The subject my daughter least enjoys in our home schooling curriculum is math. Whilst she is quite competent for her age, math is the subject that holds her attention the least. As a way of ensuring that her home schooling days remain interesting, I’ve had to look at a variety of math activities to help with her math curriculum.
As a home schooling parent I prefer to find activities that utilise items that are available in our home. The following math activities are just some of the ones we enjoy playing.
Make your own estimation math activities using building blocks, marbles, a water jug or pegs. The type of math activities for estimation is endless.
Pose questions such as:
- How many blocks can you stack before they fall?
- How many marbles will it take to fill the jar?
- How many cups of water will it take to fill the jug?
- How many pegs will go around a sheet of paper?
Write down your child’s estimations, and then get them to check their estimations by completing each task.
To extend this math activity, have your child think of their own estimation tasks.
Most households will have a set of kitchen or bathroom scales and very few children don’t take some interest in weighing things. Choose cups, vegetables, cutlery or even members of your family.
Have your child write down or draw each item and then note the weight of the items. Discuss which item was heavier or lighter. Sort them into order of weight. Use this math activity in conjunction with the previous estimation activity for a double take of math.
Odds & Evens
Odds & Evens math activities have been around for a long time and may go by a few different names. Get together two or more people and have each person clench one hand into a fist. Together all players count to three and on three each person extends either one or two fingers. With each turn choose one player as a caller who will say either “odds” or “evens”.
Count the fingers being held out. If the calling player guesses correctly they score a point and have another turn at calling. If incorrect, the next player has a turn at guessing. Before starting choose a finishing point or time.
Why not use those multitudes of advertising catalogues that are placed in letterboxes and create some math activities around budgeting money.
Choose an amount of pretend budget money for your child to be allocated. The value will need to depend upon their age. For younger students maybe $20, for older years perhaps $1,000. Choose catalogues appropriate to their budget.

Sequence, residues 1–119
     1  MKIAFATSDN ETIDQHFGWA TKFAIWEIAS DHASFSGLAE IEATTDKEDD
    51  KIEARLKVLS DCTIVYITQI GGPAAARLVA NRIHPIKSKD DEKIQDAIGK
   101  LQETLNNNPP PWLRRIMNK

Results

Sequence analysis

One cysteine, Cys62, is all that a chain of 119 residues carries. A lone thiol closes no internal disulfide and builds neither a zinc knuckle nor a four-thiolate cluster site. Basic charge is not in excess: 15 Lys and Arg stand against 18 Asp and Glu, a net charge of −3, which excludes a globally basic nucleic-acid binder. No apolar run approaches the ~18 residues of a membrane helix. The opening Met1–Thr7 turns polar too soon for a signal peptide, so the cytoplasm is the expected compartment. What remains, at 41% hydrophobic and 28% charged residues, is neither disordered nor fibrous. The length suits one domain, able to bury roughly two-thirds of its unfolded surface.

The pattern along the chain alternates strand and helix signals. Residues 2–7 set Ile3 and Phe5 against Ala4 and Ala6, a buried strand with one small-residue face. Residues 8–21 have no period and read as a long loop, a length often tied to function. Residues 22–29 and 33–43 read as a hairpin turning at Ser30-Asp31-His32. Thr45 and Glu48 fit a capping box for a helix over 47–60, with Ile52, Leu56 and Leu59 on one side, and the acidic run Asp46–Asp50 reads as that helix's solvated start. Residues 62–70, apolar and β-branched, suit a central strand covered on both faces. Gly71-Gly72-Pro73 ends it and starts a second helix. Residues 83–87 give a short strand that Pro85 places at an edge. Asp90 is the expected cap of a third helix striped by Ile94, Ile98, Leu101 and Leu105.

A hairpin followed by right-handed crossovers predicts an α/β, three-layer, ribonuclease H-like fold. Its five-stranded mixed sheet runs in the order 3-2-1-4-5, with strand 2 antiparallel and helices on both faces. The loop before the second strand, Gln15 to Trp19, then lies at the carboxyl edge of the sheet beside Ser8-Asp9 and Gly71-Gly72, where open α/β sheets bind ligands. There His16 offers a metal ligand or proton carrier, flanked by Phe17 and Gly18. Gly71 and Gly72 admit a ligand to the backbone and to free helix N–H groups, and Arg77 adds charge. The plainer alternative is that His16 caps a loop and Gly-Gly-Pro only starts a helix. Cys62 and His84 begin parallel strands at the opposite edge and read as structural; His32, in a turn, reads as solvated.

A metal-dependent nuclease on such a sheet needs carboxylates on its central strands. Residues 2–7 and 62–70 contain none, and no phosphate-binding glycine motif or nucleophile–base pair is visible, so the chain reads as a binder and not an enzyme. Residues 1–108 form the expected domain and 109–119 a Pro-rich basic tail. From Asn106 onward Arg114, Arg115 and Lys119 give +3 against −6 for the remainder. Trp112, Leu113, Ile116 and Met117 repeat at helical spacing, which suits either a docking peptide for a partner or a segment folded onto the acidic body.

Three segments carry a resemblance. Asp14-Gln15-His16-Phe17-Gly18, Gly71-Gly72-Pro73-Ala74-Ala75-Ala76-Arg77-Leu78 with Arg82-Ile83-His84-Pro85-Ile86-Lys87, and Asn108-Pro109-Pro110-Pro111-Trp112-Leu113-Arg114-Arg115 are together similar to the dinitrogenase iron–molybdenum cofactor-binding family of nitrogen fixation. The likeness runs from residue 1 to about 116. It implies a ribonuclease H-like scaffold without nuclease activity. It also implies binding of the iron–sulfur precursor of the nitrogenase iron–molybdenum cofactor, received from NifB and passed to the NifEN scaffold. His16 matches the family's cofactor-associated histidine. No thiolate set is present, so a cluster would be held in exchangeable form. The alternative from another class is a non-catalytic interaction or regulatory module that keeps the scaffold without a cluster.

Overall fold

Younger children could pretend they have to cater a birthday party or choose Christmas presents for the family. Older children could pretend they are going to do a bedroom make-over. Have them cut out each item, calculate their total expenditure & change (if applicable).
Why not incorporate a little nature when teaching graphs to your child. Take a walk with your child into the outdoors and collect a selection of leaves of different shapes and sizes.
Help you child to sort the leaves into categories – colour, size, shape, texture, type etc. Design a simple graph by drawing the shape of each leaf type and seeing which one is more common.
There are plenty of math activities that incorporate addition, but these two activities add a little fun.
The first one is called marble bowls. Cut arch’s from the bottom of a cereal box and above each arch write a number. For younger children keep to numbers 1 – 5. Mark a spot on the floor for the players to roll from. Each person takes turns to roll 6 marbles towards the box. If a marble goes thru an arch, the player earns that number of points. Have each player add up their score.
For another math activity use old empty toilet rolls or cut down paper towel rolls and make a ten-pin bowling game. Have your child decorate ten cardboard rolls as pins and then number each roll from 1 to 10. Set the “pins” up in a triangular pattern with only one pin at the front. Choose a distance across the floor as the rolling lane and mark it with a piece of rope or ruler. Use a tennis ball or something similar to roll towards the pins. Have your child add up the number of pins knocked down and keep a running tally. This is a great math activity for a rainy winter day. Your kids will have fun not only playing the game, but decorating the “pins” at the start.
There are plenty of math activities available to assist your child with their math curriculum. Use these math activities as a start and encourage your child to make up their own. Math can be fun, sometimes the delivery just needs to be altered.